Japan is seeking to recover from its latest recession, causing investors to search for investment alternatives. Yet, Pacific ex-Japan equity markets tend to be more volatile, as these largely emerging markets are prone to favorable and unfavorable geopolitical developments and unexpected events, such as natural disasters. Steve Cao, lead portfolio manager of S&P Capital IQ four-star Invesco Asia Pacific Growth (ASIAX 33 ****), views the volatility in Asia as an opportunity to buy high-quality companies with long-term earnings power at an appealing valuation.

Cao and his two co-managers Mark Jason and Brent Bates, employ a low turnover, bottom-up process based on finding companies they think have sustainable earnings growth and efficient capital allocations. Ideal companies have global franchises, earnings growth catalysts and proven a management team that have established strong balance sheets. Fund management has a list of ideal candidates that is regularly monitored until valuation opportunities arise. Stocks are selected with a long-term investment horizon of generally two to three years, though Cao highlighted to S&P Capital IQ in a mid-November interview that a number of its holdings have been in the portfolio for close to a decade. However, positions will be trimmed or eliminated when the valuation no longer seems appealing.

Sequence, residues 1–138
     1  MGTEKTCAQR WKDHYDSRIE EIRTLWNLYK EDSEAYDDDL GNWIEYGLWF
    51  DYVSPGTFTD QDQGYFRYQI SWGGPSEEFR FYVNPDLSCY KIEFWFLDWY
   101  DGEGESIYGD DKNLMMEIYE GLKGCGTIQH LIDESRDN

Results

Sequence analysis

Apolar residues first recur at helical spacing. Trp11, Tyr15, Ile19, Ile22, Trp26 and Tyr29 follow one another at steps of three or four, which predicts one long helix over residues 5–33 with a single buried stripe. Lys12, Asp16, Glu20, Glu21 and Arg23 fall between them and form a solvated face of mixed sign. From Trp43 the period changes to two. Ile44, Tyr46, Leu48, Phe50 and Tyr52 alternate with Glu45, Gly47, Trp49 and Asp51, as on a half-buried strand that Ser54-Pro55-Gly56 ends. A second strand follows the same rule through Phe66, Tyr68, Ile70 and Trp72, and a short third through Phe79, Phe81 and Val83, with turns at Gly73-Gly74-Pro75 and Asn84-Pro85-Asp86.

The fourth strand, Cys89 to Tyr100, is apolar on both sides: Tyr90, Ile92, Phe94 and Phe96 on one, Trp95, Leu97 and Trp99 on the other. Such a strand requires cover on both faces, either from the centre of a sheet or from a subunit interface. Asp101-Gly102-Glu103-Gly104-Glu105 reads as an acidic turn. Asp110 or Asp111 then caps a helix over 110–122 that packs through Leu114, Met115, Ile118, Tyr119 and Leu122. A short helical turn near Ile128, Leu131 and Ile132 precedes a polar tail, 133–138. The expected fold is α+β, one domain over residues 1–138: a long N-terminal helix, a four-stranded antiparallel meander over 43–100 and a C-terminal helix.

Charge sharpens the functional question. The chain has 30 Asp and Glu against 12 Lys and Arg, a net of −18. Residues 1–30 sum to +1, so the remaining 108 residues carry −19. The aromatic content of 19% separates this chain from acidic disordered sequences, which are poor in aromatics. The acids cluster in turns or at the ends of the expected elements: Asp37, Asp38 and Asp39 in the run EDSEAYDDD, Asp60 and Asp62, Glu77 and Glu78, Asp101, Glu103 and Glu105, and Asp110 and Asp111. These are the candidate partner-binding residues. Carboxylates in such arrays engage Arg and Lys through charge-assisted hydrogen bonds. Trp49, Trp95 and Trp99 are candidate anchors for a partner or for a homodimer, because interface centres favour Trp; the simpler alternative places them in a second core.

ASIAX has an S&P Capital IQ four star ranking, based on a combination of its strong risk-adjusted track record, its underlying holdings and its cost factors.

As of November 21, the fund's three-year annualized total return of 14.0% was stronger than its Pacific ex-Japan peer average of 12.1%. This top-quartile peer group was achieved with a standard deviation of 10.4 that was 21% below that of its peer group, contributing to an above average Sharpe ratio of 1.13 (0.74 for peers). In each of the last three calendar years, the fund outperformed its peer group and is up 9.6% for the year to date, ahead of its 8.4% average.

The fund had 15% of its assets in cash as of the end of September, though Cao said it declined to 9% as of mid-November. Cao mentioned that country allocations to Australia (as of September 2014, comprised 10% of assets), China (19%), Hong Kong (12%) and Singapore (8%) have moved higher. During the last 12 months, only three new stocks were added to the approximately 50-stock portfolio while stakes increased in others.

One such new addition to the portfolio was Australian based Amcor ltd (AMC), a global packaging solutions company with subsidiaries covering Asia, Europe and the United States. Cao mentioned the company's strong global franchise in food and tobacco packaging and its 30% return on equity as examples of the attributes that Invesco favors in its search for high quality companies. AMC, which has an S&P Capital IQ Fair Value ranking of 3, sports a hefty 4.5% dividend yield.

Another new addition was SM Prime Holdings (SMPH), which has an above-average S&P Capital IQ Quality Ranking of A-. The Filipino Real Estate Investment Trust (REITs) has a 1.5% dividend yield. ASIAX has a 2.9% dividend yield that is higher than the 2.3% peer average.

Other recent holdings with above-average S&P Capital IQ Quality Rankings include Minth Group (00425) and Industrial & Commercial Bank of China (1398), with A+ and A- rankings, respectively.

Further helping the fund's ranking is a turnover rate of just 18%, well below its peer average's 55%. In addition, the expense ratio of 1.5% is modestly below the 1.6% for peers. For investors seeking exposure to high-quality Asian equities, we think ASIAX is a strong candidate for their portfolio.